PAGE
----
Monday, December 14, 2009

Lessons for your Novel

The Rejectionist, one of the funniest writing-related blogs EVER, had a great post about how to write a story. The example used is from last summer's "Terminator: Salvation."

Here's a snippet.

1. You need a plot. You really, really do. A Good Idea ("What if it's the future! And robots are the boss of everything and this hot non-emotive dude has to find this kid who is actually his dad and send him back in time before the robots kill everyone!") is an excellent start, but a Good Idea is NOT sufficient to carry the entire vehicle of your novel. We don't care how highfalutin' your concept or your prose is; you leave out the plot and you are going to bore us out of our skull, and not because we are too stupid to comprehend the brilliance of your talent. You REALLY EXTRA-ESPECIALLY need a plot if you are working in genre fiction. Bonus points if your plot MAKES SENSE (see No. 2).

Click on over and laugh aloud.

Oh. One thing TR didn't mention: what's up with having a heart transplant surgery done in the middle post-apocalyptic Somewhere where everyone's fingernails are permanently dirty? We'll just give you a new heart and we can't sterilize anything but somehow you'll live and won't have a nasty staph infection even though there's dirt freakin-everywhere and not a bottle of Betadine in sight. As a viewer, I should suspend some sense of reality, but bacteria and open chest cavities will never... Oh, never mind.

Wednesday, December 9, 2009

Heroines to Believe In

My 5-year old daughter is the perfect heroine.

I've always thought this, but on Saturday, she reminded me of the type of female characters I love seeing.

This was Maya in the morning:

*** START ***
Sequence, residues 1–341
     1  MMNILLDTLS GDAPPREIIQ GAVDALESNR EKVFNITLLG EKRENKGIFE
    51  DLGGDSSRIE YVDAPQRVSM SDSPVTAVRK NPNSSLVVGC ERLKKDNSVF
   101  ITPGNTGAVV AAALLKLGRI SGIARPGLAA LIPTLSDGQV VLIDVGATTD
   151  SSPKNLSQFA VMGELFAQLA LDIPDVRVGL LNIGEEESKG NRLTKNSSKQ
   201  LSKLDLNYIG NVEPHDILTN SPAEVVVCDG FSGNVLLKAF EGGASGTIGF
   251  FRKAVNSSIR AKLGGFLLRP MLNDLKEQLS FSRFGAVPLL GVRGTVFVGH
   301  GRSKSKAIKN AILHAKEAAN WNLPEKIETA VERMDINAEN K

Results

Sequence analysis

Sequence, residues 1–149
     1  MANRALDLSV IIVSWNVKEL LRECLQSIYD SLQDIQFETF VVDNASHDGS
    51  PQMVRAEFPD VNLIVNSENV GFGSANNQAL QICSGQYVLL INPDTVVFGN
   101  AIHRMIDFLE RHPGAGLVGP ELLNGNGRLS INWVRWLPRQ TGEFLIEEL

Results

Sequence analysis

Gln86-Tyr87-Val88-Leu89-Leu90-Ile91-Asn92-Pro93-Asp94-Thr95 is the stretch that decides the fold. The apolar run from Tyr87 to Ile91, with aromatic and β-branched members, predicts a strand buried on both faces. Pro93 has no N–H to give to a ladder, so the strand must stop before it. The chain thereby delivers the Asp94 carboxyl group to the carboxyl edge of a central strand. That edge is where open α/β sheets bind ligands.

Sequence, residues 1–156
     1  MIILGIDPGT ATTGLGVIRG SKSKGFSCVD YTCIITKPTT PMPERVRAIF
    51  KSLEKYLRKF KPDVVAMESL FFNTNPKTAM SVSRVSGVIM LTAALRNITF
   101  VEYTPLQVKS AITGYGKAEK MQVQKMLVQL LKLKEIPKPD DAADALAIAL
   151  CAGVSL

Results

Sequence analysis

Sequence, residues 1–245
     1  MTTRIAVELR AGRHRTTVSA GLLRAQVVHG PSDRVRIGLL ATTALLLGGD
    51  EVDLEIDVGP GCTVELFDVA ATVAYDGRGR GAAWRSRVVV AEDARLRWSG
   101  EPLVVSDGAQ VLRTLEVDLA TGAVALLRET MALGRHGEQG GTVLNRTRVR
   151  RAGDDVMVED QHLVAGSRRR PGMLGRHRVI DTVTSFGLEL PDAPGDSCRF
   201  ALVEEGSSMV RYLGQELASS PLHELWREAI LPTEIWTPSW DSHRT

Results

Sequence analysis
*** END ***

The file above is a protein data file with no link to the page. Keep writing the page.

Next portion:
And this was Maya in the evening:

A Soccer Rockstar and a Princess.

And that's the type of female characters I strive to write. A person interested in all parts of life--she can kick ass, then stick that same foot into a Manolo Blahnik heel like this:

What type of heroines do I enjoy?

The heroine who can diagram a sentence to death and knows all the capitals of the states; but sometimes stumbles on 'cinammon' or 'cinnamon.'

She is strong in public but still weeps watching "Terms of Endearment."

Isn't scared of blood... unless it's her, and then it's, oh crap, what the hell is this about?

Likes expensive rib-eyes steaks and grilled asparagus AND an In-N-Out burger animal style with fries and... a Diet Coke.

Sees past the obvious flaws in people and look for more meaningful ways they are jacked up. "He's a jerk" and "She's a snot" are just way too easy.

Enjoys watching "America's Next Top Model" and a documentary on... anything.

Doesn't go in the dark, creepy house and if she does, it's only because her beloved (mother, sister, cousin or Golden Retriever) is held captive there.

Knows that her happily-ever-after may not include a man. And if it doesn't, then, oh well.

Has her own s*#t yet shares well with others.

Only relies on her looks to get her information that she needs to advance a noble cause.

Is far from perfect but sometimes refuses to acknowledge that.

What do you look for in heroines?

On My Nightstand Right Now

You know, I never finished "Oyster." I'm not finished with "Oyster" and I'll return to it when I require less drama in my reading life.

Right now, though, I'm reading Patient Zero by Jonathan Maberry.

It's got the cliches: strong-jawed ex cop recently widowed, beautiful female soldier, a crew of special ops guys with remarkable skills and a villain that has endless resources... but it's got zombies!! And you know how I feel about zombies! And the writing zings! And the strong-jawed ex-cop isn't always so strong-jawed.

And that, my friends, is good writing. Taking something that will make a reader roll her eyes and twisting it into something enjoyable. Joe Ledger of "Patient Zero" isn't perfect, but he's human and his dark past ain't all that dark so much so that his name is dark... (I'm looking at you, Level 26). It's not in the same vein as World War Z by Max Brooks (District 9 reminded me of that), but more of a smarter Michael Bay movie (not Transformers, but more... Con Air).

Pick it up if you want something cool to read.

Oh! I finished Columbine by Dave Cullen and... Wow.. Damn... How awful... How strange... Tragic... Compelling... Really?... I'm reading it again.


I'm back, and it's all good. Will be posting interesting tidbits very soon!